Bishops Tell Church of England to Accept LGBT Community

A person wearing a pro-gay sticker during the annual Pride Parade in London on June 29, 2013. Paul Bayes, bishop of Liverpool,is one of a dozen clerics calling for the Church of England to reform its views on same-sex relationships. Will Oliver/AFP/Getty Images

U.K. clerics have urged members of the Church of England to change their attitude to the LGBT community and welcome those in same-sex relationships.

A dozen prominent church figures, including two archdeacons and the dean of St Paul's cathedral, are among those who express their views in a new book, entitled Journeys in Grace and Truth.

"I have come to believe that we need to change the church," wrote the bishop of Liverpool, Paul Bayes, who is calling for greater inclusivity within the church. Bayes said that he hopes that traditional interpretations of sexuality and marriage in the Bible can be re-examined.

"Some reconsideration of how we should now understand the Genesis perspective on marriage is necessary...My views on the few explicit biblical texts on 'homosexual practice' are open, not closed," he wrote.

As it stands, the Church of England only recognizes marriage as a union between a man and a woman. Same-sex marriage services are banned, and members of the clergy cannot be married to same-sex partners. Some Conservative evangelicals continue to reject homosexuality, in line with a biblical passage in Leviticus referring to sexual relations between men as an "abomination."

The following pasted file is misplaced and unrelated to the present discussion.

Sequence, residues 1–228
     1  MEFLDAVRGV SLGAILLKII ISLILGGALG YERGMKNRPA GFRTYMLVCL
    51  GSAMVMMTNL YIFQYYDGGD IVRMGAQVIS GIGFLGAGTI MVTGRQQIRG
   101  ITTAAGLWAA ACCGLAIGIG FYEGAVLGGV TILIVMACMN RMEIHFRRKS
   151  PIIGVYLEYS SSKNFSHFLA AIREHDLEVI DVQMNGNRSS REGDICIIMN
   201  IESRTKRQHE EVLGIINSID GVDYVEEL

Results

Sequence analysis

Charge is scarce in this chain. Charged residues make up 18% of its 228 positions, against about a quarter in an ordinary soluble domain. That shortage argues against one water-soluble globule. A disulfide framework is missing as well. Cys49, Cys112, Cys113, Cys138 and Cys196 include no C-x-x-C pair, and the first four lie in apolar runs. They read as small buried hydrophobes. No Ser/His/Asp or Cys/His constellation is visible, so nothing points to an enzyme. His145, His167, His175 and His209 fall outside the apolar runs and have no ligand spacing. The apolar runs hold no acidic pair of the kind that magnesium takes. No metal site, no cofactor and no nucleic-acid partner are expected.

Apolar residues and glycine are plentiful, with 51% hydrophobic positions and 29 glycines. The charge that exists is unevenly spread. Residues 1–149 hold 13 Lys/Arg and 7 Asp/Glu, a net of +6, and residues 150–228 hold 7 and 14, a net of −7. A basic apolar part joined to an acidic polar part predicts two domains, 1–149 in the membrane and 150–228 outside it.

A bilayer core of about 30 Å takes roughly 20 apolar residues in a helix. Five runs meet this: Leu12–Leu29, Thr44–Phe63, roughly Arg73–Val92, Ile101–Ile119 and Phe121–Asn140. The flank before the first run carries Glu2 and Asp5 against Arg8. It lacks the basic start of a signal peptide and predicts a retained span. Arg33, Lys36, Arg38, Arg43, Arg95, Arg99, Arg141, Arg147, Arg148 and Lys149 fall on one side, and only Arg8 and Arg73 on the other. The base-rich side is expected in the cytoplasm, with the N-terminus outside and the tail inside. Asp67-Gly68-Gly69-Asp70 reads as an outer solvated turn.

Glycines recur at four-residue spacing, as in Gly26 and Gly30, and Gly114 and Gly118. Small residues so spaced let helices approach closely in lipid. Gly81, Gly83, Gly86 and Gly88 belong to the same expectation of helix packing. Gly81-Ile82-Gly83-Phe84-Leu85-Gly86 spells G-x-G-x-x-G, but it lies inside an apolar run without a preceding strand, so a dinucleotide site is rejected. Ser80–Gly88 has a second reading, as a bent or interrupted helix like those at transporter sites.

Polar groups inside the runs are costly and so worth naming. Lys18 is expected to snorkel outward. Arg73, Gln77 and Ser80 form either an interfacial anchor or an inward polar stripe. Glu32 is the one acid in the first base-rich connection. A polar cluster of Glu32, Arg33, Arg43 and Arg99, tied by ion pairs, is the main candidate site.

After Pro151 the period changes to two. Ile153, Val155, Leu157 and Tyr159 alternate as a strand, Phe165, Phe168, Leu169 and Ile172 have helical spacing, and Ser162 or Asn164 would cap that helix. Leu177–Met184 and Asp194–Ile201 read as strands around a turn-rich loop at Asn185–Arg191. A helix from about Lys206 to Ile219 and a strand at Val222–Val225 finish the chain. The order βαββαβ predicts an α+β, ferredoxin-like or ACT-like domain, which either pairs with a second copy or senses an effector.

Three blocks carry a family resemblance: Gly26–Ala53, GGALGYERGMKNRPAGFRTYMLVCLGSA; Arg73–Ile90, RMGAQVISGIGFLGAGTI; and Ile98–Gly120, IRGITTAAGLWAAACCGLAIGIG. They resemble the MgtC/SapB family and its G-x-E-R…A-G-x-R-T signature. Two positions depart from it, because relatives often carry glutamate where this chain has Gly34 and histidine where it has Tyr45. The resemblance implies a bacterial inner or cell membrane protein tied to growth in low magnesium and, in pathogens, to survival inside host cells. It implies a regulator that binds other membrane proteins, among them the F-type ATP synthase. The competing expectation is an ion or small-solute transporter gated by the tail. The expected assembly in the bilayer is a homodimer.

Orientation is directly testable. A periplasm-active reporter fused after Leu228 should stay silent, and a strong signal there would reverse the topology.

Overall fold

In the foreword to the book, which is being released ahead of the annual General Synod next month, when sexuality and same-sex marriage will be under discussion, a moderate evangelical and the Bishop of Dorchester, Colin Fletcher wrote: "There are an increasing number of evangelicals who...are looking afresh at the scriptures underpinning these debates, and particularly at the New Testament texts, and who are reaching different conclusions from the traditional interpretations of the past."

Following the Synod, a formal debate on the divisive issue of recognising and blessing same-sex relationships is due next year.

Responding to the book and clerics' comments on same-sex relationships, a Church of England spokesman said in a statement issued to Newsweek that "the Church of England is engaged in a series of shared conversations on human sexuality which have been taking place around the country over the past year. Those conversations will continue next month after the meeting of General Synod."

Earlier this month, Bayes faced backlash from conservative evangelicals after he appointed an American bishop in favour of same-sex marriage.